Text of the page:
STORY ABOUT MY EXPERIENCE RUNNING WITH THE BULLS
Written in the summer of 2006
“Nobody ever lives their life all the way up except bull-fighters.”
After a month and a half of smooth sailing my Euro trip finally ran aground.
Having started on the second of June, I had already witnessed the wonders of the World Cup. Thousands of crazy fans and die hard supporters flooded into Germany for what would prove to be the biggest party of my life. I moved on to Prague, and reveled in Kafka's home town. Vienna took my by surprise with its flower garden's and cool mountain waters. I was able to see Vimy Ridge on the way to Paris which was a true Canadian honor. From the beaches of Nice to the nightclubs of Barcelona everything was running well. Next on the hasty itinerary, Pamplona.
The running of the bulls has always been something I had trouble understanding. I remember seeing videos of 600kg bulls penetrating helpless people as they scrambled over the cobblestones of Pamplona. The look of horror in the eyes of both man and bull struck me as incredible. Man united with Bull, the ultimate testosterone beast.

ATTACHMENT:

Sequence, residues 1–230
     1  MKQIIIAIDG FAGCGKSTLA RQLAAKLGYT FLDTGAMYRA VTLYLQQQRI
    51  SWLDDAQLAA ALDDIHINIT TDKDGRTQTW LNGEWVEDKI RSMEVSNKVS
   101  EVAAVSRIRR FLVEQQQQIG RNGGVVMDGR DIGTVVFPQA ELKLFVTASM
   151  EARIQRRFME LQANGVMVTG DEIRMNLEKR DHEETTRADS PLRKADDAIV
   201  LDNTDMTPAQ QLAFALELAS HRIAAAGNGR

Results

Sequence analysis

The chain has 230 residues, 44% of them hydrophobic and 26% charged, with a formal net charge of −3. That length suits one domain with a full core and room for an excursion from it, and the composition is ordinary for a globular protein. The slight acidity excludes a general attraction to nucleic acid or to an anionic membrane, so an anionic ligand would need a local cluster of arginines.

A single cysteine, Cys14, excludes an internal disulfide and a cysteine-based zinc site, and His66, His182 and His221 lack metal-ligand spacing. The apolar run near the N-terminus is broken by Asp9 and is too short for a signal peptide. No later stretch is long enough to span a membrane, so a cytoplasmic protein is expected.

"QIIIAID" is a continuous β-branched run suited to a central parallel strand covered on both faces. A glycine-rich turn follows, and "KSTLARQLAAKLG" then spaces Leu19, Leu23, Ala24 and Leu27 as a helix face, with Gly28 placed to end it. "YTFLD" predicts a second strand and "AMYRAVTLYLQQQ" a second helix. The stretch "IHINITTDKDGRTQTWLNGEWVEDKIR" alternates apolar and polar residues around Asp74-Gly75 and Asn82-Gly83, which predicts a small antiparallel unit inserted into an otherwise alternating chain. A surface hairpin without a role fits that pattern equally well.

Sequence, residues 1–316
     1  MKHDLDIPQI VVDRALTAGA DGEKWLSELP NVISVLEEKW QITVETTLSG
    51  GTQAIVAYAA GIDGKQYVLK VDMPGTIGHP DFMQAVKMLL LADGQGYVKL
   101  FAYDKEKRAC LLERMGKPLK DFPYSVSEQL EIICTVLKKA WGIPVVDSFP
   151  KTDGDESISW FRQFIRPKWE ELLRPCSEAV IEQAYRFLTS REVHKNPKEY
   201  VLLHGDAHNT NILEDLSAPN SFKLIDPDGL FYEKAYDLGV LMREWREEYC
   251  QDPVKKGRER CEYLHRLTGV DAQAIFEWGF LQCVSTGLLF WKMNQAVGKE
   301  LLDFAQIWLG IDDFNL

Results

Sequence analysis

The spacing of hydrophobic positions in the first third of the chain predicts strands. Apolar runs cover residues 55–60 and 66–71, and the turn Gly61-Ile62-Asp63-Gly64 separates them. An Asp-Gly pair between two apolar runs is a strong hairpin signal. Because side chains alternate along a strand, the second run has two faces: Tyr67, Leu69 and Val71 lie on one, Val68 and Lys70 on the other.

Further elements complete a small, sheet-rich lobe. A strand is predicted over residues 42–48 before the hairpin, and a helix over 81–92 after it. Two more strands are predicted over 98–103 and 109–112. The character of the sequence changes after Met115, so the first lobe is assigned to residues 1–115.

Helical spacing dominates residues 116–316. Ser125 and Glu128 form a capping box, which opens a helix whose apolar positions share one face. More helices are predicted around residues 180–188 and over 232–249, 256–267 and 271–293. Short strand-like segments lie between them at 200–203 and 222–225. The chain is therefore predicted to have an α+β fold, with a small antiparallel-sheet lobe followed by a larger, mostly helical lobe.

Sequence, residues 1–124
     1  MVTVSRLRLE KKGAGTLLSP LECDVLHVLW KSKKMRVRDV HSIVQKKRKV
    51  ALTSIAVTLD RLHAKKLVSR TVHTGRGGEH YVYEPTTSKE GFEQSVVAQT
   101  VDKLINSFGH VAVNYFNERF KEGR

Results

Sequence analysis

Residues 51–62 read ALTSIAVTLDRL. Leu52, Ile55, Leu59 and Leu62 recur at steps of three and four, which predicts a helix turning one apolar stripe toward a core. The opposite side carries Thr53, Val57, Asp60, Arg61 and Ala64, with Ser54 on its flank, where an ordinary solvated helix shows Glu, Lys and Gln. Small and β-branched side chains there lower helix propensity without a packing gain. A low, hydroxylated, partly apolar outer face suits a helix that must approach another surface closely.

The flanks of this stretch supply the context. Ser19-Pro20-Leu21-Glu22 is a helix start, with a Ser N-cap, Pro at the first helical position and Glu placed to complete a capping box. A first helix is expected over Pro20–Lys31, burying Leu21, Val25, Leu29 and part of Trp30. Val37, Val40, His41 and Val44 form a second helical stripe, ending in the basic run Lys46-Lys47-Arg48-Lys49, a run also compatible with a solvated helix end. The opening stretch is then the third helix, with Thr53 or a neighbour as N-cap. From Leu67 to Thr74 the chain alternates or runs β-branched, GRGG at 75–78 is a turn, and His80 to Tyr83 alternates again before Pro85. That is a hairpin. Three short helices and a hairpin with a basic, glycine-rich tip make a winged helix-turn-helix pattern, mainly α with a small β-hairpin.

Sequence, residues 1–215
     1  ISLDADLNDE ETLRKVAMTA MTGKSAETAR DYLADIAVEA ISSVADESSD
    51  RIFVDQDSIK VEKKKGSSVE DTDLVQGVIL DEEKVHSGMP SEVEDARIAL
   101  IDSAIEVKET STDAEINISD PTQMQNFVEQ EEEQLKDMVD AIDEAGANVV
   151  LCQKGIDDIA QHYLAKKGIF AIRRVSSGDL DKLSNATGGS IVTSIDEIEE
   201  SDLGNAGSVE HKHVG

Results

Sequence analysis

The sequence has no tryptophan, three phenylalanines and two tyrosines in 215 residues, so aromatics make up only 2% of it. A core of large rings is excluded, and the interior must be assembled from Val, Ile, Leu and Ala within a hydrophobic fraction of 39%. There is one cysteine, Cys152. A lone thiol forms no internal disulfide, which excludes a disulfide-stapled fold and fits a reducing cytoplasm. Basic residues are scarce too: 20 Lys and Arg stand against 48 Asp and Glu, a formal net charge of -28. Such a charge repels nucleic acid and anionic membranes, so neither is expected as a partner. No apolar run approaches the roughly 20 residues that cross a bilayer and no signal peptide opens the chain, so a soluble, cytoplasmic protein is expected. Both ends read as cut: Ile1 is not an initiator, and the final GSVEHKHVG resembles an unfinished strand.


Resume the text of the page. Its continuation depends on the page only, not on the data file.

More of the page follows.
Upon arriving at the San Fermin festival I promptly locked my bag up in one of the train station lockers, not wanting the burden of a 35lb pack to weigh me down. As I exited the station the sky lit up with fireworks. Having missed Canada day, which was a huge blow to my spirits, I was immediately put into a most festive mood. As all the colors of the rainbow showered down on Pamplona I smiled.